Outlander’s latest episode packs an emotional punch, shouldered heavily by a quartet of worthy performances by the braw men of Fraser’s Ridge.
Episode 603, Temperance, is anything but temperate. The intimacy, the intrigue, the intensity—it was all there.
And who brought it? The braw men of Fraser’s Ridge, that’s who – the Ridge Fearsome Foursome, the Three Musketeers and d’Artagnan, the Laird and his entourage. Whatever designation we use, ruler of the Ridge, Jamie (Sam Heughan), his son-in-law, Roger (Richard Rankin), his nephew-practically-a-son, Ian (John Bell), and his adopted son, Fergus (Cesar Domboy), were fierce, loyal, and creative.
To paraphrase a popular line from the second book in the Outlander series, Dragonfly in Amber…
Diana Gabaldon, you gave us some braw men and, God! We’ve loved them well.
What about the Ridge Women, you ask?
Yes, I love the women of the Ridge, too. I do! They’re all bonnie, fierce, loyal, and creative as well.
With one notable exception, of course: the newcomer, Malva Christie (Jessica Reynolds). I would never wish even a fictional character harm but I’m getting some serious Wednesday Addams (Christina Ricci) vibes from Miss Malva. *shudder* How did she wrangle walks in the forest with both Ian and Jamie on the same day? Stalker much? Could she be a witch like her mother?
Yes, the women are wonderful, but it’s the laird and his entourage who melted my heart in Temperance. In this episode, Jamie, Roger, Ian, and Fergus were the personification of this quote by B.J. Neblett: “We are the sum total of our experiences.”
We saw their courage and ingenuity that has been forged over their individual life journeys from their beloved Scotland to the American Colonies. We saw their fear as well, yet despite that, they did what they must, as parents do for their children.
Fergus Claudel Fraser
First up, Fergus. Get a beverage, pull up a chair. We’re gonna be here a minute.
Fergus, Jamie’s mon enfant, his mon fils, has had a life. From his humble birth and early childhood in a Parisian brothel to his marriage to another of Jamie’s adopted children (it wasn’t as creepy as it sounds) to his station as master distiller of Fraser’s Ridge. It’s been quite a journey from boy to husband to father.
We’ve seen bits and pieces of that turbulent young life in the brothel before he was rescued by Jamie and his wife, healer Claire (Caitriona Balfe). Through darkly traumatic experiences, being sexually abused by the sadistic Black Jack Randall and then losing a hand by the sword of a dastardly Redcoat soldier, Fergus persevered with extraordinary courage.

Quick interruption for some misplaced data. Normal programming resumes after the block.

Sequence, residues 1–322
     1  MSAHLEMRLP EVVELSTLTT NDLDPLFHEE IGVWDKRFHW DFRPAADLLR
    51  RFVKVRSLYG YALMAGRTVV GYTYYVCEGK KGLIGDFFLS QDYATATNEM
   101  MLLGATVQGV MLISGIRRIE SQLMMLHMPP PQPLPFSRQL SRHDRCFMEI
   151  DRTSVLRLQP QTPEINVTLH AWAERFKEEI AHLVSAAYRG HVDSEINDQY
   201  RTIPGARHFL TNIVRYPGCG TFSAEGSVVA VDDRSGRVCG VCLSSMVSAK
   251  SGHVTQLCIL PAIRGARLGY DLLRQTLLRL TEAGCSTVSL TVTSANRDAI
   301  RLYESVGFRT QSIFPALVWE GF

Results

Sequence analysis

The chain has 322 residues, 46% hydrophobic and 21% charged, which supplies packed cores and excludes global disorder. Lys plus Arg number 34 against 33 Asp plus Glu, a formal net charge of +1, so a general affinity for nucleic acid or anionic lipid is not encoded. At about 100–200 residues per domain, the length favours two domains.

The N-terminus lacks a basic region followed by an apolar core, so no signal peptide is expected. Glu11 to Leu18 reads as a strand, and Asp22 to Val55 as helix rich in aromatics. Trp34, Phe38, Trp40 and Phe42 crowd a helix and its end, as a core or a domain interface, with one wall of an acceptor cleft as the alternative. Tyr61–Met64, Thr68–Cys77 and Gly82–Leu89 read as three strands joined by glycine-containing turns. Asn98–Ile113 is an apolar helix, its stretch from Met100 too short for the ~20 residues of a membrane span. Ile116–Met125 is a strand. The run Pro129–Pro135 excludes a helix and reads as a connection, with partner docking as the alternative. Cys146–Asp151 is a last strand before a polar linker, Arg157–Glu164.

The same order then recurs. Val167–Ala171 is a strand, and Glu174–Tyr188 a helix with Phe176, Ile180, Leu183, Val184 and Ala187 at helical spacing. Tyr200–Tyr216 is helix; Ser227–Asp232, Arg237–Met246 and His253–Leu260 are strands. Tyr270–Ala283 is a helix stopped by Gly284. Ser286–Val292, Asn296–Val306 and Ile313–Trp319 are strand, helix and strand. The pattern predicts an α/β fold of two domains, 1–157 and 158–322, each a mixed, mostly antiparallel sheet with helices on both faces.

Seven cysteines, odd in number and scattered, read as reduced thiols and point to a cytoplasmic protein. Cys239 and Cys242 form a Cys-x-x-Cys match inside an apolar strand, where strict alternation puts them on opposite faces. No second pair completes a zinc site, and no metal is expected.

That is, until this season, when he becomes plagued by fear and self-doubt, seemingly drinking pretty much all the whisky he makes, unable to hide his misery or to keep his promise of abstinence made to his pregnant wife Marsali (Lauren Lyle). The birth of son Henri-Christian, born with a perceived physical disability, sends him into an even deeper depressive state. Looking far into the future, he envisions a horrible plight for his son, when there would be no one who loves him there to protect him.
Fergus becomes inconsolable, convinced everyone would be better off without him, ready to end it all. But Jamie is there, somehow in the right place and at the right time, and fiercely fights – figuratively and literally – to reach through the fog of depression, to pull Fergus from his depths of despair with loving words spoken as only a parent can. With heart and damaged body lovingly attended to by Jamie and Claire, Fergus reunites with Marsali and Henri-Christian, filling our hearts with hope.
I predict a new batch of whisky in season 7, wildly popular with everyone, except Fergus, of course. I think they should label it ‘Finest: by Fergus.’
Cesar’s intensity as heartbroken Fergus in this episode is marvelous. His performance in the scene where Claire tries to console him, eerily similar to the moment long ago when he shared he had been sexually assaulted, was one of the most outstanding single scenes in this series to date. Simply brilliant. Surely someone with the power to nominate him for an award will do so.
Roger Wakefield MacKenzie
Richard Rankin as Roger also brought it on this episode. After his courageous water rescue of wee Henri-Christian, sent downriver in a basket like Moses by his brother Germain (Robin Scott) and a group of his misinformed friends, he was ferocious.
“Trouble him again and Satan’ll pop up and drag you screaming to hell.”
As a parent of children who were that age more than a few years ago, I had to giggle at his choice of a fire and brimstone reprimand. Hey, whatever works, right?
Then, Roger Mac, you melted my heart, walking with Germain to round up his fellow scoundrels as instructed by Grandpere Jamie, whose idea of punishment is a bit different. More on that later.
Speaking of hearts, Roger’s seems boundless, muckle-sized. Accompanying Germain to the McCallum cabin to fetch one of those lads, Mrs. McCallum’s (Joanne Thomson) son Aidan (Caleb Reynolds), he hears the woman cry out inside the cabin. He bravely checks the source of her distress – a covered bowl of “haunted” milk. Please tell me I’m not the only one who started singing “Joy to the World” a la Roger Season 5 when he pulled that frog from the bowl. Rescuer of babes and critters, that’s our Roger.